With a new calendar slot, a new race director, a new chairman and CEO of Cycling Australia, a (relatively) new president of Oceania, and a new boss in Aigle, the Herald Sun Tour is back on track to discovering its former glory, writes Anthony Tan from Melbourne’s Federation Square.
7 Apr 2015 - 11:32 PM  UPDATED 13 Apr 2015 - 3:38 PM

"If we're going to go off each others' backs, we could jeopardise the whole reason why we're getting government support, because we would be actually shitting in each others' nests."

Tour Down Under race director Mike Turtur said as much in November 2009 to AAP, outlining his reason why the TDU and the Herald Sun Tour should not piggyback off each other, as was the latter's want at the time.

The race director of Herald Sun Tour during this kerfuffle, Michael Hands, who happened to be from a tourism background, responded thus to Crikey: "As things stand for ourselves and the Tour Down Under, we are only just scratching the surface of potential tourism. So I think we can think bigger than just defending our own little patches – we can grow the overall patch."

A few months later, in February 2010, at Cycling Australia's February board meeting, Hands, and consequently the Sun Tour, got the news they were after: their date change request had been approved – or so they thought. "In arriving at this decision, the Board addressed three key objectives: Firstly, to protect the achievements of the Santos Tour Down Under; secondly, to protect the integrity of Australian track cycling, namely the Australian track championships; and thirdly, to retain the Jayco Herald Sun Tour on the UCI calendar and restore the event to its previous stature and profile," rationalised Graham Fredericks, the Cycling Australia CEO at the time, in a press release, who, last November, was replaced by former senior AFL administrator, Adrian Anderson.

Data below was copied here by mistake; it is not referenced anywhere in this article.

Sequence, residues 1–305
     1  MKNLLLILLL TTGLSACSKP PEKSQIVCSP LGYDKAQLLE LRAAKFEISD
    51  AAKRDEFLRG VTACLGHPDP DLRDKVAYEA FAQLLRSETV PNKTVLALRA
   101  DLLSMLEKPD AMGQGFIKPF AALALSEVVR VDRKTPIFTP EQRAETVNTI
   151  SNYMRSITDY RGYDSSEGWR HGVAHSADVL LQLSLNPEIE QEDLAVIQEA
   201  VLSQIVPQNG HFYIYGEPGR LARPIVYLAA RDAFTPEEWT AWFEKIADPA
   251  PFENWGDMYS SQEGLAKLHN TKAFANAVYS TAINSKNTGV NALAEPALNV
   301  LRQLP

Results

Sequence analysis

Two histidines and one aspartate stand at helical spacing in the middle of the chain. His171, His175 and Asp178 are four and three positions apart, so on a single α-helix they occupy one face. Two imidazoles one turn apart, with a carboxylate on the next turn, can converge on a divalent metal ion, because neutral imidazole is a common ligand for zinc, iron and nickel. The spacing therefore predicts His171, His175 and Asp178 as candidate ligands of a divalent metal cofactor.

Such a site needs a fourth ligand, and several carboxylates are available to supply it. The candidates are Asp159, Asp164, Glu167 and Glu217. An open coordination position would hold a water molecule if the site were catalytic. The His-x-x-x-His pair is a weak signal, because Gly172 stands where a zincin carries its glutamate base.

The move, said Fredericks, was part of a wider redevelopment of road cycling within the Oceania region – the key priority now being mid-February to April, leading into Australia's burgeoning National Road Series. "With this in mind, Cycling Australia plans to work with the organisers of the Jayco Herald Sun Tour and other events in Australia and New Zealand to develop an exciting series of racing that will attract teams from Australia and New Zealand but will also showcase talent from Europe, Asian and North America," he said.

But it was far from a done deal.

The UCI's Oceania committee had to rubber-stamp the decision before it was ultimately passed on for approval at UCI HQ in Aigle, Switzerland, and Turtur, apart from being race director of the TDU, was president of said committee.

Although required to stand aside as a primary stakeholder, Turtur was an ally of UCI head honcho Pat McQuaid, who, on a brief visit to Australia during the latter stages of the 2010 Tour Down Under, voiced his lack of enthusiasm for the CA board-approved move. The Irishman believed the Sun Tour was placed exactly where it should be, in its October slot. "There's no reason they (the TDU and Herald Sun Tour) can't continue in those dates except if they (the Sun Tour) have the ambition to become a ProTour race or something like that, in which case they have (to invite) all the ProTour teams – but that's not on the cards for the moment," he said.

"To put the Tour Down Under and Herald Sun Tour back-to-back, what would happen there I think is they will end up fighting each other; one will try to outdo the other. I don't want two races fighting for position.